If you’re a carb-lover, there’s some good news: Eating a lot of carbohydrates just may help you live longer.
Scientists have been trying to unravel the mystery of longevity since, well probably since the first scientists got a gray hair. According to British news outlet the BBC, aging scientists have started looking at the long life-span of residents on Japan’s Okinawa Islands. The residents there tend to live longer than average folks. Out of every 100,000 inhabitants 68 Okinawans live 100 years or more. That’s over three times the numbers found in the same size of the U.S. population. Even by the standards of Japan, where people tend to live longer, Okinawans are remarkable. They have a 40% greater chance of living to 100 than other Japanese people.
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The Okinawa Centenarian Study (OCS), has been investigating the health of the islands’ aging population since 1975. By 2016, the OCS had looked at the health habits of 1,000 centenarians from the area. They found that the Okinawan centenarians managed to delay many of the usual effects of aging, with almost two thirds living independently until the age of 97.
So, what’s their secret? It might be their carb-heavy diet. Scientists have realized that Okinawans have a “peculiarly high ratio of carbohydrates to protein” in their diet, with a lot of their calories coming from—wait for it—sweet potatoes. Of course, sweet potatoes are a healthy, complex carb (and here are 31 of our favorite sweet potato recipes).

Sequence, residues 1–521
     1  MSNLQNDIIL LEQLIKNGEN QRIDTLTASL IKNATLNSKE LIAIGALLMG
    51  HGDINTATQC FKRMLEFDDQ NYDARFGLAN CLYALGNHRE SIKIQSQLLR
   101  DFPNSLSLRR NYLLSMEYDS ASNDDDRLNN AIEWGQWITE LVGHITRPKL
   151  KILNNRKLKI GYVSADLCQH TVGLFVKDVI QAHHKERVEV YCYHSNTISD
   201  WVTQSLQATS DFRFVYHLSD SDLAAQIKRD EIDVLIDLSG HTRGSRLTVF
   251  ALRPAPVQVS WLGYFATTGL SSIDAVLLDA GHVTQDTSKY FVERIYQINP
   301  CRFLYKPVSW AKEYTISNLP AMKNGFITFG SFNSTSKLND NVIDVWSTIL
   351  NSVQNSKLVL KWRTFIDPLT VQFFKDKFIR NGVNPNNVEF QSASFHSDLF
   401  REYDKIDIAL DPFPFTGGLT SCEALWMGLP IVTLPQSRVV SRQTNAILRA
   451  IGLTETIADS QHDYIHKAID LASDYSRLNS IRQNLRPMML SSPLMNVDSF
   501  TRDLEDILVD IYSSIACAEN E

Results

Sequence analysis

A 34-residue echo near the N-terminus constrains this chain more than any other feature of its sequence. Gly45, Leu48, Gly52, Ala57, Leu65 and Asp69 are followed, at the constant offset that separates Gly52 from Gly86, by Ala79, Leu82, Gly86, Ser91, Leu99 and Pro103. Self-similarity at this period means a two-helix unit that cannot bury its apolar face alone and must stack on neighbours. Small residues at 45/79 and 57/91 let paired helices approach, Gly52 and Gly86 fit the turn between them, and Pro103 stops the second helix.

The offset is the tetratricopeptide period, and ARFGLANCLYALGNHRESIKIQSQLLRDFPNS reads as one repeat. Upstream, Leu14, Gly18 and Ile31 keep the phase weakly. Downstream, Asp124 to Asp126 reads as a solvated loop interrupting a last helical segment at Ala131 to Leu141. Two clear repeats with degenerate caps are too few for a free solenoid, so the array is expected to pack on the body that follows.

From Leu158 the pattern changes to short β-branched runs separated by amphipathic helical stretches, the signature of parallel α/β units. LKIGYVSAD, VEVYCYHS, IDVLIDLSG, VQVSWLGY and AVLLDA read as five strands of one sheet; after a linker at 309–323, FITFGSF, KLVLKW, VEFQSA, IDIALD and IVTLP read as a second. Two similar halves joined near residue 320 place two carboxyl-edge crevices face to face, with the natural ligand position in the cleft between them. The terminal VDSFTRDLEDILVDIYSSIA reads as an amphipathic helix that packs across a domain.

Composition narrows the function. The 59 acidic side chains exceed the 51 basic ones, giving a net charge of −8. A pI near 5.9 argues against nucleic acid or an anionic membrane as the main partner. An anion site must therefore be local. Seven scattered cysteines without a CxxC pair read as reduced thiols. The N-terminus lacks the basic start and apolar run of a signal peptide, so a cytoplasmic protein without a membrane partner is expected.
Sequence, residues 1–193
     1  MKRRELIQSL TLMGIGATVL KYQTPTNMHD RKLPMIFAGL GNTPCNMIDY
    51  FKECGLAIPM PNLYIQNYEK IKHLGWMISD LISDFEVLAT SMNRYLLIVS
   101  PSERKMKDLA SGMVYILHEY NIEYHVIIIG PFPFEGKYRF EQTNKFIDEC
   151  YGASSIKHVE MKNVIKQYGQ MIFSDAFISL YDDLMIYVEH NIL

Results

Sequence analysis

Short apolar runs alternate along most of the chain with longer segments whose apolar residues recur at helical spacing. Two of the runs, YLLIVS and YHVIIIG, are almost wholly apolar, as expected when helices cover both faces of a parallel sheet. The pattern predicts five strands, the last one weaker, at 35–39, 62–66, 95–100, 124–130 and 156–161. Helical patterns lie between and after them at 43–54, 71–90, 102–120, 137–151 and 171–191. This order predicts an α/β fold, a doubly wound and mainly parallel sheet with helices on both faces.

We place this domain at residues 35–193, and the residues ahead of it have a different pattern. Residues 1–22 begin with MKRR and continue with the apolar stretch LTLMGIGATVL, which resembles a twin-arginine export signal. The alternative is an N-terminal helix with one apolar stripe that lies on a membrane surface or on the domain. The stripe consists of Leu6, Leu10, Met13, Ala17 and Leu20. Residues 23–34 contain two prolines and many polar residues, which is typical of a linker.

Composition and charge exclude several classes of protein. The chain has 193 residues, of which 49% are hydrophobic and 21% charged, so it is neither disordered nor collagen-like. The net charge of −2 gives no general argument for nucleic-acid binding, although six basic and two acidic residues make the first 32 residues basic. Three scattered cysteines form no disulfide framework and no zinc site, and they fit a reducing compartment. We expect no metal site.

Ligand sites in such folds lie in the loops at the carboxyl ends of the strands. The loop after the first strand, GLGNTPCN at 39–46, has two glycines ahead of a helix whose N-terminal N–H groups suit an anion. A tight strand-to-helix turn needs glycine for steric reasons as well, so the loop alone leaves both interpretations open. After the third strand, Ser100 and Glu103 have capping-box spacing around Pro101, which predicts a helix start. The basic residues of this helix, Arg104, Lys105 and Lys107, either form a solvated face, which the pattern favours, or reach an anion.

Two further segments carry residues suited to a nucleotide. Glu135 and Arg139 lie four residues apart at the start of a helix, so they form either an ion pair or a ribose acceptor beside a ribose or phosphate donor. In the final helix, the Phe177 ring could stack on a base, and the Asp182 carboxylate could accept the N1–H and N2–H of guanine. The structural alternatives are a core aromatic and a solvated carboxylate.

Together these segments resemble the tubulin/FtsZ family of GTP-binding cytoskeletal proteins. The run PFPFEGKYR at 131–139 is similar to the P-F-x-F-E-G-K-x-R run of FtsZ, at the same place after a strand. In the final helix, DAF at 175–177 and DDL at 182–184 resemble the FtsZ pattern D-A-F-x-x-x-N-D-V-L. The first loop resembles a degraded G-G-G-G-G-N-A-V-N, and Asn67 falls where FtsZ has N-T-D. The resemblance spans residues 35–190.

Okinawans also eat an abundance of greens and yellow vegetables. While they do eat pork, fish, and other meats, it’s typically a small component of their overall consumption.
Scientists are realizing that the Okinawans’ heavy intake of carbs may help their bodies fend off some of the effects of aging. It’s all about finding the right balance between carbs and proteins and what scientists are now calling the “Okinawan Ratio” is a diet based around a ratio of eating 10 carbs for every one protein. Sticking to that dietary ratio may help protect people from various age-related illnesses, including cancer, heart disease, and Alzheimer’s. Has there ever been sweeter words to a Southerner’s ears?
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